Artificial intelligence (AI) is making the biggest splash in healthcare, and it’s projected to do so even more. It has several applications in the healthcare space from clinical work to image analysis. AI could actually save many countries’ healthcare economy over a hundred and fifty billion dollars. Since it represents an obvious money saving potential, thousands of enterprises start investing in the AI technology.

# 5 Healthcare Blockchain Technology

By now you’re more than likely heard of Bitcoin, a cryptocurrency turning pizza delivery boys into millionaires. Stories like that have sparked a gold rush in the development and use of blockchain. However, what is blockchain? Blockchain is an independent database that exists over several locations owned by a specific community. The plan for the healthcare industry is to create a massive independent database that centralizes the EMRs, mentioned earlier on our list. As confusing as that may sound this is big news for the healthcare industry.

# 6 Virtual Healthcare

Virtual healthcare, also known as telemedicine, creates remote communication between doctors and patients. Video apps coupled with wearable technology allow healthcare providers to monitor patients and provide emergency assistance. Virtual healthcare technology dramatically increases convenience and cuts travel times. Virtual technology will undoubtedly be a necessity if the predicted physician shortage comes to fruition.

# 7 Robotics Technology

Robotic surgery may maybe the first and recent renovation to be implemented. The use of robotics significantly increases surgery success rates and minimizes the impact on patients through minimally invasive procedures. This technology coupled with artificial technology is also a powerful tool to solve the staffing issue and combat the shortage.

# 8 Virtual Reality Technology

Virtual reality is already massive in the entertainment industry and even in the military for training purposes. Healthcare is the next industry to take on virtual reality. Virtual reality is the immersive sensory tech that has created uses for both doctors and patients. For physicians, hospitals have begun using VR to train staff in simulations that have deficient risk factor. As for patients, it has been found that VR has rehabilitation and therapeutic benefits. VR is a cost effective practice. So hospitals have begun its widespread implementation.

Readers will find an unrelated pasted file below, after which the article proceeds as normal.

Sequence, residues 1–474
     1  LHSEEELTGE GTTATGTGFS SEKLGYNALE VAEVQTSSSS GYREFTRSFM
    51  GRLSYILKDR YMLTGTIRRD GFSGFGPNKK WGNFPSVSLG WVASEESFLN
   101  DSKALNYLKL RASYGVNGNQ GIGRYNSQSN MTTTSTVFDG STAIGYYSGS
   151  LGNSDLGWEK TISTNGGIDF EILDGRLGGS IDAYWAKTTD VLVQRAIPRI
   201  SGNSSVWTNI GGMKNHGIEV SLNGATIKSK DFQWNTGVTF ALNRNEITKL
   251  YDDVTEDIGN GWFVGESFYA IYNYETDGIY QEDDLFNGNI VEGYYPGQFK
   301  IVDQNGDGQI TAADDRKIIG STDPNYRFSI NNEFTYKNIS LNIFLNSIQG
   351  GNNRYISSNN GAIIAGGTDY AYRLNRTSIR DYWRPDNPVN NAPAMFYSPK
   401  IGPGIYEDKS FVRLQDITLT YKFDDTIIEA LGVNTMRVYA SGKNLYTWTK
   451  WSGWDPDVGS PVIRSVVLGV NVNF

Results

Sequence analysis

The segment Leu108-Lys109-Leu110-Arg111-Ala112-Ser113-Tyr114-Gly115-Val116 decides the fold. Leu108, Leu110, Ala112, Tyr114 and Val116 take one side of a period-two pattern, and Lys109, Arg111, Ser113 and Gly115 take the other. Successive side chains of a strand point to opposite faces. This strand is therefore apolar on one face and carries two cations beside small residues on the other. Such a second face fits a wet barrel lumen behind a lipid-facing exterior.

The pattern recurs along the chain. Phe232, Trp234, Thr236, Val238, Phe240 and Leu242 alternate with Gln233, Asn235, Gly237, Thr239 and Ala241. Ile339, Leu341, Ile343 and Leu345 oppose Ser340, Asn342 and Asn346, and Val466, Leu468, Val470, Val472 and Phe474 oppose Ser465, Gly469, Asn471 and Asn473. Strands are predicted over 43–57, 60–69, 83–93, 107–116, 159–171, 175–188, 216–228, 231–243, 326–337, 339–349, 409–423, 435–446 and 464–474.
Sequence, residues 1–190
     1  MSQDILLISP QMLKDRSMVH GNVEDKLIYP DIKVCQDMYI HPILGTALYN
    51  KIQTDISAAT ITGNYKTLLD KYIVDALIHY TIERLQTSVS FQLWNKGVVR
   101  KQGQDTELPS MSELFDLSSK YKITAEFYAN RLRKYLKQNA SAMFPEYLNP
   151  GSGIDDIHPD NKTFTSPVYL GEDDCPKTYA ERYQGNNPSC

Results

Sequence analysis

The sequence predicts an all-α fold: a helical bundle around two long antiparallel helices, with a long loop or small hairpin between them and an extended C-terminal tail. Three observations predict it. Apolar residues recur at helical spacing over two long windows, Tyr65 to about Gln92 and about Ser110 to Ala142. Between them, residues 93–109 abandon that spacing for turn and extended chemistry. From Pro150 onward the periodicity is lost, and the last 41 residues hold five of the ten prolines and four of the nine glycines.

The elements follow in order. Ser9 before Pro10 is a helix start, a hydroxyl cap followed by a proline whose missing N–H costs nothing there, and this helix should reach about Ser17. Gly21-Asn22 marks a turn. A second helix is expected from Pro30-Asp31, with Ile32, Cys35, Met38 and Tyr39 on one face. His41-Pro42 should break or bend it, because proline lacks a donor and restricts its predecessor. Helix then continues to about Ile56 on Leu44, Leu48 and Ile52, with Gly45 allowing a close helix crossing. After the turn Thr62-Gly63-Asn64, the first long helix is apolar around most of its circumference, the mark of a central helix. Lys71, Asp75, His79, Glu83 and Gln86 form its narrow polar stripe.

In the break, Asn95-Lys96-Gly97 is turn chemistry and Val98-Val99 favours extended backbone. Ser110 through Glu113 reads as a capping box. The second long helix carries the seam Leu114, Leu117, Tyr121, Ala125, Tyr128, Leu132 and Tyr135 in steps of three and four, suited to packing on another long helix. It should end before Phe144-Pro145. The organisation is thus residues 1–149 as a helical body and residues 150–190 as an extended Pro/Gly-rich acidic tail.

We live in the world of innovation, disruption, and change. How we provide care is also rapidly evolving. The healthcare industry is among the leading industries to embrace the influx of technology innovations in recent years. From data analytics, helping connect patients to the right physicians, to artificial intelligence assistants who can handle massive workloads of data… The future is bright in healthcare technology and isn’t as far off as previously thought. Look out for the aforementioned technologies being put to use in your hospital soon!

16-Yo Teen Develops Armor That ‘Blocks’ Radiation During Cancer Treatments, Reducing Exposure By 16%

Image Credit: Truth Theory

By Mandy Froelich | Truth Theory

Meet Macinley Butson, a young inventor who has received international recognition for her efforts to protect women from excess radiation during breast cancer treatments. Thanks to her ingenuity, the copper SMART armor has the potential to save countless lives.

Butson has always been fascinated by science. Only after her father, who works in medical physics, discussed his experience with ineffective cancer treatments did Macinley consider how she could add to the field. Knowing first-hand the loss of a relative due to cancer, she decided to conduct her own investigation on the subject.

As GoodNewsNetwork reports, Butson tried to begin her research by reading scientific journals. However, making sense of the medical jargon turned out to be a challenge. So, Butson turned to ‘YouTube University’ to discover videos that taught her how to read scientific journals.

As she became familiar with the process, Butson found a key piece of information: copper has been shown to be dramatically more effective at protecting skin from radiation compared to lead. One day, during class at her high school in Wollongong, New South Wales, Butson had a “eureka” moment.

She and her 10th-grade class members were watching a film on medieval wars when she spotted the scaled patterns of armor. Equipped with fresh inspiration, she began designing an “armor” made out of copper.  To learn how to weave together tiny scales, Butson once again returned to YouTube.


The Ethical Minefield of ‘Mind Reading’ by Recording Brain Activity

By reading brain activity with an EEG machine, scientists have been able to reconstruct faces with almost perfect accuracy. (Craig Chivers/CBC)


In a small room tucked away at the University of Toronto, Professor Dan Nemrodov is pulling thoughts right out of people’s brains.

He straps a hat with electrodes on someone’s head and then shows them pictures of faces. By reading brain activity with an electroencephalography (EEG) machine, he’s then able to reconstruct faces with almost perfect accuracy.